With these new whiskies, the genie is finally out of the bottle and that forgotten status is irrevocably changed. It’s probably fair to expect that a lot more people will be phoning up for those appointment-only guided tours. But don’t expect a visitor centre just yet…
Macallan goes from strength to strength on the secondary market today and the top end of our latest sale only serves to underpin this fact. Results like the Macallan 1938 for £12,000 , breaking the previous record price recorded in our April sale two months ago of £11,600. The 1965 Anniversary Malt at £3500; the Annie Leibovitz Masters of Photography at £4000 and the Private Eye at £3200 were just a few of the universally impressive results for this zeitgeist distillery.
However, perhaps more interesting and illuminating was the Bowmore 1969 Fecchio & Frassa single cask which finished up at £7600. A deeply impressive result which builds on sister cask 6639 which we sold in November last year for £5500. The desire to posses these legendary and rare old bottlings of incredible whisky is skyrocketing just now, but likewise the knowledge and understanding of these whiskies is also becoming more widespread.
Also interesting was the Glen Grant 10 year old bottled in the 1960s by Peatling & Cawdron. An extremely rare and interesting example of the old classic Glen Grant labelling which fetched a whopping £2600. Not so long ago bottlings such as this one very rarely went outside the £400-600 range. This is a good example of how desirability is beginning to step outside the more obvious distilleries as knowledge and understanding of these old rarities increases across a wider range of wealthy buyers.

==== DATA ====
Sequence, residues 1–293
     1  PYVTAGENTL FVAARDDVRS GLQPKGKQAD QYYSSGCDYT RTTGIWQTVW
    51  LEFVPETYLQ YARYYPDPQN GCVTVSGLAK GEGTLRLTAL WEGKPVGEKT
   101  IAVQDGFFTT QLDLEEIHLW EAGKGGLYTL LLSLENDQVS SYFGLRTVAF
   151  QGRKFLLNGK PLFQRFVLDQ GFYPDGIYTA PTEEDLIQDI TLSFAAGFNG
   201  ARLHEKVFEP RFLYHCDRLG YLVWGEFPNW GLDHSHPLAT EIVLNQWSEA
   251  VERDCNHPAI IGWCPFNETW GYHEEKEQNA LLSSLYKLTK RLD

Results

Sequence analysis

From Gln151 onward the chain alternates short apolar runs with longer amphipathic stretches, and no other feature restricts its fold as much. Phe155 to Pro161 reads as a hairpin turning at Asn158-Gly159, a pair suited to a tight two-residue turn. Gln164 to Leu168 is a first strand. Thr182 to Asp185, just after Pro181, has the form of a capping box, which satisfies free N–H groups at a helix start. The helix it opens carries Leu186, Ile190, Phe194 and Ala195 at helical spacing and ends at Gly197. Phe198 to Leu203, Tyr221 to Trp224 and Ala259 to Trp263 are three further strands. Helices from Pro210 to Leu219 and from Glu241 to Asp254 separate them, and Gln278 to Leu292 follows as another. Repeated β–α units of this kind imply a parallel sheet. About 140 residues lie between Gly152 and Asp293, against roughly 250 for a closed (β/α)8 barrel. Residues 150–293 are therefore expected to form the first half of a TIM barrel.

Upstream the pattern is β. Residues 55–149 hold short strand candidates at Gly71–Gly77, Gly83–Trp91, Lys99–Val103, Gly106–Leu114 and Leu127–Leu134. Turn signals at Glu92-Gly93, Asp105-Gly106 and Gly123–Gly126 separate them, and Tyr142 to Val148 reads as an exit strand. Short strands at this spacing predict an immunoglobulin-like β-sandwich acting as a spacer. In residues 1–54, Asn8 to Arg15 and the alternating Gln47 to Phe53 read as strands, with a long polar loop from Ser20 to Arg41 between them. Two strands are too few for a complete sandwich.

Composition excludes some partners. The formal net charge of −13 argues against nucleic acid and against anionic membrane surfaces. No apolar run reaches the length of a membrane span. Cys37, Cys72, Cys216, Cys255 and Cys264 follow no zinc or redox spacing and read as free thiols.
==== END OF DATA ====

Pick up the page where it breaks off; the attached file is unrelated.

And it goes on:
There were a few interesting Ardbeg results such as the 1974 single cask 5666 for £1950 – suddenly the £500 retail price in Oddbins doesn’t seem quite so steep. Then there was the 1966 Cadenhead 32 year old Ardbeg for £1800. Both these bottlings – amongst others – seem to have been at this price point for a while now. It’s likely we’ll soon see these sorts of Ardbegs jump up another level in value I suspect.
The old Andrew Usher Green Stripe from around 1900 hit a very respectable £1650. It’s always a pleasure to find bottles such as this one – true pieces of liquid history help brighten any whisky auction. Other notable four figure results were the Rare Malts 1977 Brora at an unusually impressive £1300. And, in what is likely the most expensive Pittyvaich ever, the 1974 26 year old single cask by Kingsbury fetched a mighty £1250. Every distillery has its legendary bottling and this, unequivocally, is Pittyvaich’s.
At this level of the sale almost everything performed toward the upper end of its market value, although the Talisker 1952 21 year old for £875 did seem like something of a bargain. Goes to show they can still happen even in today’s heady climate.
Other notable results around this end of the auction were the Gilbey’s Redbreast 10 year old from the 1960s for £550 – although interest in older Irish Whiskeys is only bound to increase these days. A pair of 1980 Dailuaine Flora & Fauna cask strengths for £525 each. And a 1930s Gilbey’s Spey Royal blend for £500, this isn’t normally a brand that commands too much at auction but this beautiful old example clearly got bidders interested. Surprising that it edged the 1950s Logan’s at £450. Macallan madness was also alive at this end of the sale as well with old examples of 10 and 12 year olds from the 1990s fetching £430 and £450 respectively. Brand power? Or just plain daftness? Time will tell…